Some work on libMicro; Mercurial transition notes

I decided to help out Bart and Phil by opening the libMicro project. The source for libMicro has been open for a while (hosted in the performance community), and internally, Bart kept it in a Teamware workspace.  But now we've got it officially ensconced in a project of its own, and the source has been moved into a Mercurial repository. As a result, you can now browse the source online!  I've also been attempting to make some improvements to it which you can also examine.  Here are some notes which might be useful to other folks making similar Teamware-to-Mercurial transitions:

  • There are some good directions here for setting up a repository.
  • You'll want to set up a personal ~/.hgrc file because you probably want to associate your email address with your putbacks.  (So that you can be e.g. Joe.Smith@sun.com and not joe@mymachine.eng.sun.com. See hgrc(5). Note that if you've set your repository to send notifications to a list (like xyz-discuss@opensolaris.org) this is especially important. I set the from= and username= directives.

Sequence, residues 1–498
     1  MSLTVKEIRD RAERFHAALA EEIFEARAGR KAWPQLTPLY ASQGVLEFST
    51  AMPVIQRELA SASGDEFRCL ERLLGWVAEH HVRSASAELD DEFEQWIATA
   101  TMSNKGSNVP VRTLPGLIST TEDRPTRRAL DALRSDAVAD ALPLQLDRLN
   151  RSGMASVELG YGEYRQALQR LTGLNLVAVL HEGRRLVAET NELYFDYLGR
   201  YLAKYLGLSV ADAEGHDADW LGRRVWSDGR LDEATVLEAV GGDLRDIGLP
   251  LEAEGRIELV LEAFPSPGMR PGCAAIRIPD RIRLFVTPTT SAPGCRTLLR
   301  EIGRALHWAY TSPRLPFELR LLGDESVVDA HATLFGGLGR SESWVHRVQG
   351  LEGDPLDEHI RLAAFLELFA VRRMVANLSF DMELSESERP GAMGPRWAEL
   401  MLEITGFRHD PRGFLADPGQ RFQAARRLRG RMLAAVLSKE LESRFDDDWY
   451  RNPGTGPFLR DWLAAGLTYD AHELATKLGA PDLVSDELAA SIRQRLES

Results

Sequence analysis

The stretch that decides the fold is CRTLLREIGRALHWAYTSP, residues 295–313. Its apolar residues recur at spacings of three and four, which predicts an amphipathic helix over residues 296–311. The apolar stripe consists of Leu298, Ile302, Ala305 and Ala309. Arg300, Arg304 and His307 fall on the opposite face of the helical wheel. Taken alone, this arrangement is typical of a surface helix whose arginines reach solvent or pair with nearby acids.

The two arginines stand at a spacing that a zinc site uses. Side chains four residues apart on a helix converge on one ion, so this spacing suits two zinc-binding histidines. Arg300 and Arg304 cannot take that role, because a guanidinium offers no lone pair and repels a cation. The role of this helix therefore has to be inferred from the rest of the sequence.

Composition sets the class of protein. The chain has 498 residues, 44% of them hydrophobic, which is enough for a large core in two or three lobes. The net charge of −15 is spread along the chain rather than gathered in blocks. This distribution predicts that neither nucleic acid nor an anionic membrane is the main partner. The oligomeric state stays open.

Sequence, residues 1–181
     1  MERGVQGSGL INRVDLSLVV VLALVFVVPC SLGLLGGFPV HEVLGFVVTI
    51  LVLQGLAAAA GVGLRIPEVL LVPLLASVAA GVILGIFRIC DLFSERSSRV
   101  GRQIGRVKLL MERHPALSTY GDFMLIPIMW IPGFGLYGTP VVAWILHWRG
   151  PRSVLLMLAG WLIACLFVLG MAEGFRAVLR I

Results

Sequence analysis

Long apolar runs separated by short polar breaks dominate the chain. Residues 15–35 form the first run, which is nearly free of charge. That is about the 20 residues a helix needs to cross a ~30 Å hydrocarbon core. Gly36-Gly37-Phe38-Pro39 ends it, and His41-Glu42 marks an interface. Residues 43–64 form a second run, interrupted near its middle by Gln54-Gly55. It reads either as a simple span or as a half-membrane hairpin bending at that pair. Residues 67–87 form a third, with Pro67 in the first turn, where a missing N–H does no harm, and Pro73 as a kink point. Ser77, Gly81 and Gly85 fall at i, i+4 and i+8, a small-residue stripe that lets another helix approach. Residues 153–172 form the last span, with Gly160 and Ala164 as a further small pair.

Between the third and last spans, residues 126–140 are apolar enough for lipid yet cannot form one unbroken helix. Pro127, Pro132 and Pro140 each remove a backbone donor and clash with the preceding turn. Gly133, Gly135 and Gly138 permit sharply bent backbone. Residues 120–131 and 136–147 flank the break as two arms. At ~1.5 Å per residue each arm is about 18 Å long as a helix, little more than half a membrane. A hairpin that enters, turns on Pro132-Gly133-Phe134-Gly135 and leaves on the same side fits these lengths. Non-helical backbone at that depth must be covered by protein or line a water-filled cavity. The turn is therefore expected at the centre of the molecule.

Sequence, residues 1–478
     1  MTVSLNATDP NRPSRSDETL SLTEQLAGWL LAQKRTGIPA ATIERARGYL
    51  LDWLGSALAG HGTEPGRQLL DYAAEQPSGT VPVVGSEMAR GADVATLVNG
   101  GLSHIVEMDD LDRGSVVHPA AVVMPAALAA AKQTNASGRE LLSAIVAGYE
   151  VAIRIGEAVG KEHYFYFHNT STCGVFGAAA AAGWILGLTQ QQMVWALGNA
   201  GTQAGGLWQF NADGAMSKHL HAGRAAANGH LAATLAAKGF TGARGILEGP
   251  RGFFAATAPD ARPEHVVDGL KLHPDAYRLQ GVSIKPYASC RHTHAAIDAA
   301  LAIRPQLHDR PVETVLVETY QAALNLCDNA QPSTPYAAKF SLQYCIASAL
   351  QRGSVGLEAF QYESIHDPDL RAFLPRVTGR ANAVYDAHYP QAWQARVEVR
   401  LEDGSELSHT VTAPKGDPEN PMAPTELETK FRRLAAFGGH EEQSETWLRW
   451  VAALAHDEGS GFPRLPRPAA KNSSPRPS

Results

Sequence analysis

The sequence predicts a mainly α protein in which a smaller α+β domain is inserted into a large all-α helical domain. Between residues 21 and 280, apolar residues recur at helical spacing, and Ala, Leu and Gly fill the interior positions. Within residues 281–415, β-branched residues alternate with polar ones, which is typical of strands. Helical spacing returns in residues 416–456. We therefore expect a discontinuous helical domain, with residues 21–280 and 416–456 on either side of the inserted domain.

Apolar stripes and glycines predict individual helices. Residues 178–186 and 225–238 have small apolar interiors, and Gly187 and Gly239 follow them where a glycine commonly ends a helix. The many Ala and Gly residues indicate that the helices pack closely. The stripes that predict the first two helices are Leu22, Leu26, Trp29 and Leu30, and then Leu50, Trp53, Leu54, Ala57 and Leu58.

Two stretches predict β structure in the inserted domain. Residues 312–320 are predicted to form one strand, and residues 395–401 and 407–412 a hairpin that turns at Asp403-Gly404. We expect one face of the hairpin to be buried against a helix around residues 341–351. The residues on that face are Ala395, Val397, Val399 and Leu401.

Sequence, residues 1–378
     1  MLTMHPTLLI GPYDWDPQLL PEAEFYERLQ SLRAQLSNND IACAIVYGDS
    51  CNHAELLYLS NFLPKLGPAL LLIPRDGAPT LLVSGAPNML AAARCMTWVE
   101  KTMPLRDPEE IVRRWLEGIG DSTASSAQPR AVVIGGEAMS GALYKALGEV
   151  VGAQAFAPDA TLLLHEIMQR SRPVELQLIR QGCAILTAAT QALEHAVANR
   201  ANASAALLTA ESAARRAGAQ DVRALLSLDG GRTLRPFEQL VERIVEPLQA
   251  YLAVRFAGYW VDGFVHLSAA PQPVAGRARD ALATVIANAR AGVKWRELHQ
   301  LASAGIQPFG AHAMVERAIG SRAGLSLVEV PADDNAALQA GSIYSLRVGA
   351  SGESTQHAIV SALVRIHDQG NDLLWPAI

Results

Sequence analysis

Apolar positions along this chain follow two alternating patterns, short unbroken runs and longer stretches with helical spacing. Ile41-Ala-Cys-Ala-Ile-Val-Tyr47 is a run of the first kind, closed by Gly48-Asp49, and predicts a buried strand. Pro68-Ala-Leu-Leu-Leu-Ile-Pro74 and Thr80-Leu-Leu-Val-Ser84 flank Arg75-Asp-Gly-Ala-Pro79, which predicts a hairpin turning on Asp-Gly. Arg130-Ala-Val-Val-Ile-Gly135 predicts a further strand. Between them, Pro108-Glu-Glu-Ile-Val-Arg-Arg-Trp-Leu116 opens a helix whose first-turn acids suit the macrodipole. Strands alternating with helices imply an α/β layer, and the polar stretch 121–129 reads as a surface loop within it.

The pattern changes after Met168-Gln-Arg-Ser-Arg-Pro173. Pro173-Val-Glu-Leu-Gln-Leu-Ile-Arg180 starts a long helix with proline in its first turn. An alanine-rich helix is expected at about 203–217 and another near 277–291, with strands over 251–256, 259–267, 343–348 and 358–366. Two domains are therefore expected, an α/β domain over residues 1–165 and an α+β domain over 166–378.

• You should set up an hgignore(5) file for your repository.  The idea is to tell Mercurial which files it should definitely not care about.  Things like .o files and generated binaries.  .hgignore is just another file which you can check into your repository and version control.
  • You may wish to go through your source files and remove and SCCS detritus (like #pragma ident directives) since Mercurial doesn't use these.

Kudos go to the OpenSolaris infrastructure team: The Mercurial infrastructure just works (perhaps with the exception of the email caveat I mention above).  That said, there are a couple of minor improvements I'd like to see:

  • A link from the project page listing the repositories, including: committers, repository URIs, links to the source browser, etc.
  • In the administration GUI, the repository URIs  are not displayed, and should be.
  • A way to display recent commits on the project page.
All in all, I've had a very positive experience with this new set of tools.  I think the trajectory here looks very, very promising.
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